Writer in Residence

Our Town, 2009 Edition

By Pamela Mordecai

Come the good
weather folks in
this Portuguese-
Italian neighbourhood
hang their clothes
out to dry
so stirring lines
of laundry
in the breeze
are a sure sign
it’s warming up.

Come fill the cup
the poet said…

Of course,
one or two hardy
souls hang out
even in winter
on clear cold days
but by and large
loaded down wires
say spring’s
tiptoeing in,
them and lounge
chairs on patios,
towels spread
on the grass
and those
tools of the rite:
lotion, a visor or
very big hat,
flip-flops,
sunglasses
and to gently
doze off with,
a paperback!

That’s how it is in the twenty or so backyards into which I can see from up here. It’s not a matter of being nosy: there they are, right in front of me, so I’d have to stop looking out the window in order not to see them, and beyond them, the falling rising contour of roofs, the trains, a set of high rise apartments, then another, and another, a billboard and more, and at the end of this stretched sweep of city, the burgeoning skyline, the CN tower, and just a tiny glimpse of lake. My husband says I’m mistaking something else (he can’t say what) for the water, but I know it is the lake.

More than that, though, a new edition of Toronto – in print in this version since 1793 – comes out round about May every year, its pages crammed with walking tours and wine tasting, sailing and skateboarding, festivals and fireworks, music recitals and motor races, roadside jerk, jazz, parades, street theatre, bookfairs and…

Bee hunting.

I go bee hunting. Ever since the collapse of the bee colonies, I set out nervously searching for bees, poking my face into forsythia bushes and clumps of wildflowers.

“Look, over there! Over there!” I shout at my spouse, gleefully thumping him each time I see one of the drone crew in their black and gold striped uniforms, bee sightings the basis for assaulting him in spring.

“Control yourself, woman!”

A plea to no avail.

“But, without them, we won’t eat!” I squeak, bending into the next bush, ears tuned for the buzz.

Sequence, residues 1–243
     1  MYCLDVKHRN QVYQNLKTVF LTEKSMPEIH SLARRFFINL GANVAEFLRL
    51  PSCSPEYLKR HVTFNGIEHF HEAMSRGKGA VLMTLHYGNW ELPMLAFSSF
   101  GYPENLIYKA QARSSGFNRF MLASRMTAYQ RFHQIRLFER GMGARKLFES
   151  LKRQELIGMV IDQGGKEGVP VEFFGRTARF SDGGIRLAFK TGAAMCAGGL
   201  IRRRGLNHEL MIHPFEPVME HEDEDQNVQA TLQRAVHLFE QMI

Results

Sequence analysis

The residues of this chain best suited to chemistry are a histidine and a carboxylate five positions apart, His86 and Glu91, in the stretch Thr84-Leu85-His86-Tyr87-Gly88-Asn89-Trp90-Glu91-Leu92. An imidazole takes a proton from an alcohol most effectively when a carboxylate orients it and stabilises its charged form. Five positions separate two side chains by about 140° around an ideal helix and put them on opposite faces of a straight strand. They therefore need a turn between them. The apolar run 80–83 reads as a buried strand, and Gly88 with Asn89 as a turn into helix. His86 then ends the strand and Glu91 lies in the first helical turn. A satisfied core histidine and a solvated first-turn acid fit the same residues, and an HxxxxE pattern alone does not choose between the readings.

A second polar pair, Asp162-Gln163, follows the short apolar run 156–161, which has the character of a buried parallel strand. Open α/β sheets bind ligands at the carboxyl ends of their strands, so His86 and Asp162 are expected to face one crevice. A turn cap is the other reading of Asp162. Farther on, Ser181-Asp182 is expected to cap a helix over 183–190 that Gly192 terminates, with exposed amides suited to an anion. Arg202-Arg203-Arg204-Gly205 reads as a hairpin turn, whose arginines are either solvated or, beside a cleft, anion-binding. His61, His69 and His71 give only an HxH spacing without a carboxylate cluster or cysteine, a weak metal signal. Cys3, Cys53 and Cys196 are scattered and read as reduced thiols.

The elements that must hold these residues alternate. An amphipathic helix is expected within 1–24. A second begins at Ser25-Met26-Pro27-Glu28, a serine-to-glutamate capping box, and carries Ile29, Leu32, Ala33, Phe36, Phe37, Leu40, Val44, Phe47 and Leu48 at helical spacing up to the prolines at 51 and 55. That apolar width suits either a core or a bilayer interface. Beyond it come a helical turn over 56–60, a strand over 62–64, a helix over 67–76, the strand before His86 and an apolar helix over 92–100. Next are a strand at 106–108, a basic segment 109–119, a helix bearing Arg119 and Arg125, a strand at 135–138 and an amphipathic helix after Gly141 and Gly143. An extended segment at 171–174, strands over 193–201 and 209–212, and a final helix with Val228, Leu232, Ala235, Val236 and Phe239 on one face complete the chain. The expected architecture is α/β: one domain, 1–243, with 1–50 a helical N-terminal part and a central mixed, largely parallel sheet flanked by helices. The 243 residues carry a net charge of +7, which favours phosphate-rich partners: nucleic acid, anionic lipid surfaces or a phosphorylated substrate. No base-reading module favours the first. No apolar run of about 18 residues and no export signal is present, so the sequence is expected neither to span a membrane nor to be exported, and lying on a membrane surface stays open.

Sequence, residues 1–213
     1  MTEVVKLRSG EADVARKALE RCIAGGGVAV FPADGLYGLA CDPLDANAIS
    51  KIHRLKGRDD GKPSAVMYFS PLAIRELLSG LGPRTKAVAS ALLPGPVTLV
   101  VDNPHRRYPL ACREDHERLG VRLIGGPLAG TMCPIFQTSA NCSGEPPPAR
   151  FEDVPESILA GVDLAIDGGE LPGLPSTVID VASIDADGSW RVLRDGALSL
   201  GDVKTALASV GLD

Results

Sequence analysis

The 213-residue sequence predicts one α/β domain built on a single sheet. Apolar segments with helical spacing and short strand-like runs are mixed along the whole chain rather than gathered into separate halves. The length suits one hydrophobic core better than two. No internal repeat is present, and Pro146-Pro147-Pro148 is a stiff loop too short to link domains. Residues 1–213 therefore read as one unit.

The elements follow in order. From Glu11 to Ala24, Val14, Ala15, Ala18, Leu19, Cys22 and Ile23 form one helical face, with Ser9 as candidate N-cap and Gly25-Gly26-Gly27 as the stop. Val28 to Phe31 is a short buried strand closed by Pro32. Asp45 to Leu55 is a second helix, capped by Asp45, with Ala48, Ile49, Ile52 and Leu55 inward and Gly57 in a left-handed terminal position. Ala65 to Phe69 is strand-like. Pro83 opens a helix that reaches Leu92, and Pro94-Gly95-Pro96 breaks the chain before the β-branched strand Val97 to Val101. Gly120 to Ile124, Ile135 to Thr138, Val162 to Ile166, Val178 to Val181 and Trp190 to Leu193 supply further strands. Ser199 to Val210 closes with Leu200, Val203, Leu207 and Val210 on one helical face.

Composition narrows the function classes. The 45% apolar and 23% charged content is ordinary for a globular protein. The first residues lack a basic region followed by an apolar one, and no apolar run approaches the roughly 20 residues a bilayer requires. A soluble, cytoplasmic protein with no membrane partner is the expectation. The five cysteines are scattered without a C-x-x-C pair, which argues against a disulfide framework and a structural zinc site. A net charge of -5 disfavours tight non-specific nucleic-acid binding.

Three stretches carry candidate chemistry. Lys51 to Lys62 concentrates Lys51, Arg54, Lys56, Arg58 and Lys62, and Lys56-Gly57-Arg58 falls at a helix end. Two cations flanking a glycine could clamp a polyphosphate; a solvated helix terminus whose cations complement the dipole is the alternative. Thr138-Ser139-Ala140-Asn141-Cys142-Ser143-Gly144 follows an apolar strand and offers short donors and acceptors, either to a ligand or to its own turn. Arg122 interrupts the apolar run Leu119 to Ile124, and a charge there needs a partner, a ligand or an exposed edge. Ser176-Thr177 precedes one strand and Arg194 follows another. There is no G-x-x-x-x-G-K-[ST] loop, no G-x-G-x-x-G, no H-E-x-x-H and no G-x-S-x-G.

I like the handle, Open Book Toronto. It conjures an amiable schoolmarm, tight-curled salt-and-pepper hair furled into a cottage roll at the back of her head, eyes mischievous behind thick glasses, wagging a finger at us city-dwellers, her students, instructing us as we settle into our bus and subway seats, or turn on the car, “Open your books (those with cars may use their audiobooks) to where you left off reading!” It’s not that we need much of a reminder, for we’re a city of bibliophiles, served by the second busiest library system in the world. (Only the Hong Kong system beats the Toronto Public Library for number of users.)

Ah. A barbecue firing up, four yards down. Three lounge lizards. And… yes, there’s a mum with her toddler, reading the first out-of-doors book of spring, in our neighbourhood.

Before I go, a bit of shameless advertising. Arrived in April from the pen of that battered spouse of mine, BLUE MOUNTAIN TROUBLE is a crossover YA novel, about twins (a boy and a girl) who live high in the mountains of a Caribbean island, who, in the course of many adventures, encounter a magical goat. It has been getting great reviews. Published by Arthur A. Levine Books, an imprint of Scholastic Press, it’s available in bookstores simultaneously in the USA (US$16.99) and Canada (C$21.99). Off you go to buy a copy!

The views expressed in the Writer-in-Residence blogs are those held by the authors and do not necessarily reflect the views of Open Book: Toronto.

The views expressed in the Writer-in-Residence blogs are those held by the authors and do not necessarily reflect the views of Open Book.


Pamela Mordecai has been many things: a teacher, a trainer of teachers, a TV host, a diplomatic wife, an anthologist, a writer of poems, stories and textbooks for children, and a writer of criticism, fiction, poetry and plays for those challenged by age. Born and raised in Jamaica, educated there and in the U.S.A., Pam has lived in Toronto for the past 15 years.

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